In conducting a disciplinary process which may lead to dismissal, employers must carry out a fair and reasonable investigation and allow employees to properly defend themselves.  

Under the Data Protection Act 1998, employees have the right to access information their employer (as a data controller) holds about them.  An employee has the following subject access rights:

  • a right to be informed by their employer if their data is being processed;
  • a right to a description of the data, the purposes for which it is being processed and the recipients to whom the data may be disclosed;
  • a right to have certain information communicated in intelligible form; and
  • a right to be informed of the logic of automated decision taking. 

This right has become increasingly more onerous with the growth in the quantity of data held by employers and case law has clarified that the main purpose of subject access rights is for an individual to ensure their data is being processed lawfully and does not infringe their privacy.  

Despite the Court of Appeal making clear that the primary purpose of subject access requests is not to assist parties in litigation, they are increasingly being exploited in proceedings such as employment disputes.  In the recent case of McWilliams v. Citibank the Employment Tribunal held that a refusal to comply with an employee’s subject access request can increase the likelihood of any subsequent dismissal being unfair.  This will occur where the refusal materially impairs the employees’ ability to defend allegations against them in disciplinary proceedings. As a result of the refusal in McWilliams, the employee was forced to rely on the employer’s investigation which was held to be inadequate as it did not give due consideration to the Claimant’s arguments.  As a result of this and other factors, the dismissal was found to be unfair.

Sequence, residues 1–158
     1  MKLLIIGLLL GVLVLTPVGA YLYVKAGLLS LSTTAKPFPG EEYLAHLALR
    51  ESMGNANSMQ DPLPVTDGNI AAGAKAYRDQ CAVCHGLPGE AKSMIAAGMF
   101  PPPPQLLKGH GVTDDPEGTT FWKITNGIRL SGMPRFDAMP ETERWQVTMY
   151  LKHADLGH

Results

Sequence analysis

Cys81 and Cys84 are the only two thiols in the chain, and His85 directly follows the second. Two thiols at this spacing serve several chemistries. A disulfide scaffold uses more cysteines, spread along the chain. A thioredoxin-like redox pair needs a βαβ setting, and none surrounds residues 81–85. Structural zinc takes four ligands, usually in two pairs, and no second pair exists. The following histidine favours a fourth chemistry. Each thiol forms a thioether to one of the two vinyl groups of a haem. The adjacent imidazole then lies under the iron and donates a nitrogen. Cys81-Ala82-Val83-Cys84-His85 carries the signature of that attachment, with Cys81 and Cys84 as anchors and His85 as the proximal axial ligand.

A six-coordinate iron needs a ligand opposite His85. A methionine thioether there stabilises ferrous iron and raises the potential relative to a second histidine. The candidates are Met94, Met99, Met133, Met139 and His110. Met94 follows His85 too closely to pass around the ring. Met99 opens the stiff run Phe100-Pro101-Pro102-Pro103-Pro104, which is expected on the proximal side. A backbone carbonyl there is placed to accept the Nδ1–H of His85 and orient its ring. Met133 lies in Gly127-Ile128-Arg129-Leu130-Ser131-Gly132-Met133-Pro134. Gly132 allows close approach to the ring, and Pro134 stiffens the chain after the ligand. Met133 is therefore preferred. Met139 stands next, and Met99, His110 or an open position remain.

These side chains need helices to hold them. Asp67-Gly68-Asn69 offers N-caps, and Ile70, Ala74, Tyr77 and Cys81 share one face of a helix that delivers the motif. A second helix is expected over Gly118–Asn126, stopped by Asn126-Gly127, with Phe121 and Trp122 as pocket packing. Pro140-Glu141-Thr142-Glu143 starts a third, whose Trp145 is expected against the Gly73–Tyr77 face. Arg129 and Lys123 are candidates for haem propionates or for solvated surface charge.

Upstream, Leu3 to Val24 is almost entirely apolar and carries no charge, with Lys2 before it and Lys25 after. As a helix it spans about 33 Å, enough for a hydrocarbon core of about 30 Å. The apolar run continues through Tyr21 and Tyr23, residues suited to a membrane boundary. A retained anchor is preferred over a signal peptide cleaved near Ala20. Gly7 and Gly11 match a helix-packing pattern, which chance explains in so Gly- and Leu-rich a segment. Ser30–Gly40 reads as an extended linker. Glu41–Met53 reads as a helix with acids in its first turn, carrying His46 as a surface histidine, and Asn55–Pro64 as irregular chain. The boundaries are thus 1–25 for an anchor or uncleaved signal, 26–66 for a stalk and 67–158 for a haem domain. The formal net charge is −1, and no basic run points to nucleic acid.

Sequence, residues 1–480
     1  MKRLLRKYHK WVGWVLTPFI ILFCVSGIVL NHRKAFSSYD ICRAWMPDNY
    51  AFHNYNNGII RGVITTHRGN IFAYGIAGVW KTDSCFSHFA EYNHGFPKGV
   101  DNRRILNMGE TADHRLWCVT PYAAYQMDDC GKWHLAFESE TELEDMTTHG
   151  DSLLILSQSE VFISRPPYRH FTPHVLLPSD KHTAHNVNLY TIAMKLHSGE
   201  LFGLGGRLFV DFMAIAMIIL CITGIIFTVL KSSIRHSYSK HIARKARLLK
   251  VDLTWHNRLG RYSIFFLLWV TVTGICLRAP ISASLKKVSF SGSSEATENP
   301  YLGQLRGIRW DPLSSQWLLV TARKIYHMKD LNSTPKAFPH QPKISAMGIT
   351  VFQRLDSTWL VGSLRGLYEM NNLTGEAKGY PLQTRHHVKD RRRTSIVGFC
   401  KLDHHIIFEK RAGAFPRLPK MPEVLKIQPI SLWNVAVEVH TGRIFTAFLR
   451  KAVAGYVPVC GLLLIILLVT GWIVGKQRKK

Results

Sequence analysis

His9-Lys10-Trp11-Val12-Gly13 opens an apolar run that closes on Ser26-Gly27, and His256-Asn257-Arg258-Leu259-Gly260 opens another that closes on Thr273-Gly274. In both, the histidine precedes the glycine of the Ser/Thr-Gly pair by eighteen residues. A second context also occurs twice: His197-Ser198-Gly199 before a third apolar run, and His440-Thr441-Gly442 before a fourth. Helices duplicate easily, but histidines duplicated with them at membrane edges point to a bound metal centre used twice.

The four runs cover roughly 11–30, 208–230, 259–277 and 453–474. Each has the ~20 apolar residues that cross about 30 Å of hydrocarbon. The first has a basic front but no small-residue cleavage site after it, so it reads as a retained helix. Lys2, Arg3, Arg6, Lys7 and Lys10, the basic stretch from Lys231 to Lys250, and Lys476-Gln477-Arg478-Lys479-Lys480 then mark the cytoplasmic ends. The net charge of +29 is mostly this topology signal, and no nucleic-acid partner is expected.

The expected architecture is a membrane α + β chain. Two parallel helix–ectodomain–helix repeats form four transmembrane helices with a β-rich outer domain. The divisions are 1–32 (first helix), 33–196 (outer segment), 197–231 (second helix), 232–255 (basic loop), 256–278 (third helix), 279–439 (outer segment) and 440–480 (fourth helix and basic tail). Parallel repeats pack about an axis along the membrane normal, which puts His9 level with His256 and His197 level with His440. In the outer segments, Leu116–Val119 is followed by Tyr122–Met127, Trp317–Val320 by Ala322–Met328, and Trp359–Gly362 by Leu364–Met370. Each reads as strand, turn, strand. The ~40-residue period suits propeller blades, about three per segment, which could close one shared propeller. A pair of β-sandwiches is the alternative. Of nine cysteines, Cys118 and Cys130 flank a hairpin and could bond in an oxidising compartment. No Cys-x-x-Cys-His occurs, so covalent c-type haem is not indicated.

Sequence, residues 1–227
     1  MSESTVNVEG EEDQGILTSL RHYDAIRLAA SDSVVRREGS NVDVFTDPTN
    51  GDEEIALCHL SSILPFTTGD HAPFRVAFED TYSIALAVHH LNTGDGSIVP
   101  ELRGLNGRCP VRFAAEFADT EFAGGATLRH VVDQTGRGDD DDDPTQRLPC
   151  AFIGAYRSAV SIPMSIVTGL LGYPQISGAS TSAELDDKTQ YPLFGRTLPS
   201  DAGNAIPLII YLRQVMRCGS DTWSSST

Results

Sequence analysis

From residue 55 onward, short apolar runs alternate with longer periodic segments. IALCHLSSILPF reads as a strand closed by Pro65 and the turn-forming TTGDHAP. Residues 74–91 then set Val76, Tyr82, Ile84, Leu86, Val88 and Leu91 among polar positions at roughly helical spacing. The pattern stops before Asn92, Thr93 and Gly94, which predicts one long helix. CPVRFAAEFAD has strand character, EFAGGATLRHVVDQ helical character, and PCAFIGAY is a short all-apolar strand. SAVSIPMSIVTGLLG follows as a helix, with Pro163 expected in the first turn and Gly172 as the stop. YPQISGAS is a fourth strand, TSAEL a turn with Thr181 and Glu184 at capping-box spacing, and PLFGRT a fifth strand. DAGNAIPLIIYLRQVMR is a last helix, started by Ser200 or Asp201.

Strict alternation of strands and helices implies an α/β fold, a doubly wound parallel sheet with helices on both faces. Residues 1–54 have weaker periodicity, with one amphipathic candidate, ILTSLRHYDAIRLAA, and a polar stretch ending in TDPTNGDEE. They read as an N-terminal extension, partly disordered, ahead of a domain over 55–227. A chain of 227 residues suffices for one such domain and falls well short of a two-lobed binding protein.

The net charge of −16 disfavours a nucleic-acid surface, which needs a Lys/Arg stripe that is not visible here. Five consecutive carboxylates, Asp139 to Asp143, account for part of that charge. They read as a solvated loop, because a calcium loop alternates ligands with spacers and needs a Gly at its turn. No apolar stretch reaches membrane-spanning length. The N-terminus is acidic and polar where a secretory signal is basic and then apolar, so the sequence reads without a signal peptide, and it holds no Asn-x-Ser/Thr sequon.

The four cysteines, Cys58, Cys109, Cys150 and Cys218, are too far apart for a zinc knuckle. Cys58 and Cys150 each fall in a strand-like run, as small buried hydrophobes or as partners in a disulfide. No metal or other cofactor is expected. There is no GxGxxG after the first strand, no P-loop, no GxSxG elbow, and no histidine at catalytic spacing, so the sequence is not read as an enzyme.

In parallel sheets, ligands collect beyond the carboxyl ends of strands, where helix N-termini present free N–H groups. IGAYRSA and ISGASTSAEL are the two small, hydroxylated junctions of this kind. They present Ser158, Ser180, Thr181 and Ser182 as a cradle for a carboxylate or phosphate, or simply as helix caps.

This case reinforces the importance of carrying out fair and reasonable investigations under the general principles of unfair dismissal legislation, including taking into account the employee’s version of events.  Employees are likely to continue to enforce their rights to access data held about them both during employment and in the context of litigation after their employment ends. Employers who ignore subject access requests made when a disciplinary process is ongoing may find that doing so, in fact, creates additional risk in relation to any subsequent dismissal. 

It should be noted that the new General Data Protection Regulation will come into force next year which will affect the subject access request regime, so look out for further updates on this.

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